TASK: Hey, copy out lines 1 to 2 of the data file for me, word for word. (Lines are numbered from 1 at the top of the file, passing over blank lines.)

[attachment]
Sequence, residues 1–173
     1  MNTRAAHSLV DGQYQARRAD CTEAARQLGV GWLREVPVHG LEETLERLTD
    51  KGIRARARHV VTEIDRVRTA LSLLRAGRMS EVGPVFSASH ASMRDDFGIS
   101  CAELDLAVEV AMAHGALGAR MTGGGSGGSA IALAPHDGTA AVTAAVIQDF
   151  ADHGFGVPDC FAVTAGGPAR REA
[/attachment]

Sequence, residues 1–173
     1  MNTRAAHSLV DGQYQARRAD CTEAARQLGV GWLREVPVHG LEETLERLTD